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  • Excellent graphic I stumbled across on the r/ukraine reddit:

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    "Every man has his weakness. Mine was always just cigarettes."

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    • Originally posted by S2 View Post
      Great post, A.R.! Couldn't find the vid in the article so I posted it here.

      Combined Arms Breaching Ops-



      That is one of the best examples of how to conduct a successful breach I've ever seen. I know it is one of hardest things to do. I remember BITD when I was a rifle company commander at FT Stewart and we were doing platoon lanes. One of the squads was forward at the breach site when they were hit by simulated artillery fire. All but one young PFC were casualties. Instead of freaking out the kid CHARLIE MIKEd and tore a breach through the obstacle with his hands and then waved the rest of the platoon through the breach. I was standing next to my brigade commander when this occurred. He turned to and said...Let's Go! He walked across the field and pinned an ARCOM on the kid right then and there. One of the more rewarding award paper work I ever did!
      “Loyalty to country ALWAYS. Loyalty to government, when it deserves it.”
      Mark Twain

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      • Uneasy calm grips Ukraine as West prepares winter aid

        KYIV, Ukraine (AP) — An uneasy calm hung over Kyiv on Tuesday as residents of the Ukrainian capital did what they could to prepare for anticipated Russian missile attacks aiming to take out more energy infrastructure as winter sets in.

        To ease that burden, NATO allies made plans to boost provisions of blankets, generators and other basic necessities to ensure Ukraine's 43 million people can maintain their resolve in the 10th month of fighting against Russia's invasion.

        Ukraine's first lady implored the West to show the same kind of steadfastness that Ukrainians had shown against Russian President Vladimir Putin's military campaign.

        “Ukrainians are very tired of this war, but we have no choice in the matter," Olena Zelenska, the wife of President Volodymyr Zelenskyy, said in a BBC interview during a visit to Britain.

        “We do hope that the approaching season of Christmas doesn’t make you forget about our tragedy and get used to our suffering,” she said.

        A two-day meeting of NATO foreign ministers in Bucharest, Romania, was likely to see the 30-nation alliance make fresh pledges of nonlethal support to Ukraine: fuel, generators, medical supplies and winter equipment, on top of new military support.

        U.S. Secretary of State Antony Blinken was to announce substantial U.S. aid for Ukraine’s energy grid, U.S. officials said. Targeted Russian strikes have battered Ukraine’s power infrastructure since early October in what Western officials have described as a Russian attempt campaign to weaponize the coming winter cold.

        NATO Secretary-General Jens Stoltenberg said at the outset of the Bucharest meeting that Russia “is willing to use extreme brutality and leave Ukraine cold and dark this winter. So we must stay the course and help Ukraine prevail as a sovereign nation.”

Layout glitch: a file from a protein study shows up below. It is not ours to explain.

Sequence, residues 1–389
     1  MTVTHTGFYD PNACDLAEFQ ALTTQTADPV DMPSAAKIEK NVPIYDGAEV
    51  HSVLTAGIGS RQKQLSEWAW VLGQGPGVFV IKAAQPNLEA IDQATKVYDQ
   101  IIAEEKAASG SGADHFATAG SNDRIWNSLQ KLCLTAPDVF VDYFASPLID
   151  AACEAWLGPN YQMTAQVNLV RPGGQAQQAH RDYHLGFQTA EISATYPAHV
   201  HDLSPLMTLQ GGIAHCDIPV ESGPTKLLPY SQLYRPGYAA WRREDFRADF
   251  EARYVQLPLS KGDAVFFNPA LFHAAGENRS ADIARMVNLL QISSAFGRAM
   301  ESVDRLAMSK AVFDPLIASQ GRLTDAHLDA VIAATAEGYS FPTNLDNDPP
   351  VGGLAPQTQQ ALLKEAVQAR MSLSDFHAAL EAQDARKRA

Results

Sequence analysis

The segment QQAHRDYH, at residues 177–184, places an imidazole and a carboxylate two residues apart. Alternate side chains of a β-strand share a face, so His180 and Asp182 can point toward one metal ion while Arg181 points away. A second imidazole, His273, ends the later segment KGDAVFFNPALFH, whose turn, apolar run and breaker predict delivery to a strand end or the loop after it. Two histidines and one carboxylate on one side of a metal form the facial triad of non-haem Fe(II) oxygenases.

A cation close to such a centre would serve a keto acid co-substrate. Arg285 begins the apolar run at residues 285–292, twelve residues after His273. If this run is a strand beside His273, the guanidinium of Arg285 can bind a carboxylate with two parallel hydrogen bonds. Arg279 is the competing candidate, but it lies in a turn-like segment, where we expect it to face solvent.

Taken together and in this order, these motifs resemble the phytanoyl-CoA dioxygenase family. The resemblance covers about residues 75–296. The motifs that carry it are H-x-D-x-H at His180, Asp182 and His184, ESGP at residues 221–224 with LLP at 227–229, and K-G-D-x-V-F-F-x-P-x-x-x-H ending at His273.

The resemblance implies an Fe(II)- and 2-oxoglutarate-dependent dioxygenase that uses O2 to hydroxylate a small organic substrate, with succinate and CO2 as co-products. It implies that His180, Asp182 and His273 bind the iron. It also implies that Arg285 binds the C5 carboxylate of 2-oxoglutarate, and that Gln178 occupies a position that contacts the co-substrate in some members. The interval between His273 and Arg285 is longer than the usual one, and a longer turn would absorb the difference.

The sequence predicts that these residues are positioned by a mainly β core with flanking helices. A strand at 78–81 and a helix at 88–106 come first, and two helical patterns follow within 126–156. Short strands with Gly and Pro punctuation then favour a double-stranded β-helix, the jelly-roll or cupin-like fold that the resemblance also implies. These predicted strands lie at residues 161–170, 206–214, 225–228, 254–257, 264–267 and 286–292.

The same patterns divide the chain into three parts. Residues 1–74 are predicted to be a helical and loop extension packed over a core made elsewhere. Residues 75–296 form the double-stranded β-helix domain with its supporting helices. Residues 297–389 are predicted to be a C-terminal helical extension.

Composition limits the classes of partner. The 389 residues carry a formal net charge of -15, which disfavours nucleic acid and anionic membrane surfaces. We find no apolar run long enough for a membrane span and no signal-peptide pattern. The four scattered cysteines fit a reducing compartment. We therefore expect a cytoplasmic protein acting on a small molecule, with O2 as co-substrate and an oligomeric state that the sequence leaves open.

About a third of Ukraine's residents faced power supply disruptions, Ukraine’s state grid operator said, both because of increased demand due to colder temperatures and the emergency shutdown of power units at several plants since Monday morning.

        “The overall deficit in the energy system is a consequence of seven waves of Russian missile attacks on the country’s energy infrastructure,” electricity system operator Ukrenergo said.

        Kyiv saw continued interruptions to its electricity, heat and water supply, Mayor Vitali Klitschko said Tuesday, leading authorities to “consider the option of partial evacuation of the capital’s residents to the suburbs.”

        Blinken reminded everyone it was not the first time that Russia had targeted helpless civilians in this war and insisted only strong support would impact the Kremlin.

        Russia’s Black Sea fleet already bombarded Ukrainian cities and towns and bottled up vital grain shipments for the rest of the world in Ukrainian ports. Blinken said the U.S and NATO’s resulting military buildup in the strategic waterway would only intensify.

        “We’re not going to be deterred,” he told reporters, in one of his more forceful statements of the day. “We’re going to be reinforcing NATO’s presence from the Black to the Baltic seas.”

        Bogdan Aurescu, foreign minister of Romania, another Black Sea nation, said that Romania would be pushing the two-day NATO meeting to up the military presence further still.

        The Ukrainian government was putting up defenses too — both for troops and for civilians. The government rolled out hundreds of help stations, christened Points of Invincibility, where residents facing the loss of power, heating and water can warm up, charge their phones, enjoy snacks and hot drinks, and even be entertained.

        “I had no electricity for two days. Now there’s only some electricity, and no gas,” said Vanda Bronyslavavina, who took a breather inside one such help center in Kyiv’s Obolon neighborhood.

        The 71-year-old lamented the uncertainty about whether Russia will simply resume its strikes after infrastructure gets fixed, a frustrating cycle of destruction and repair that has made wartime life even more uncertain.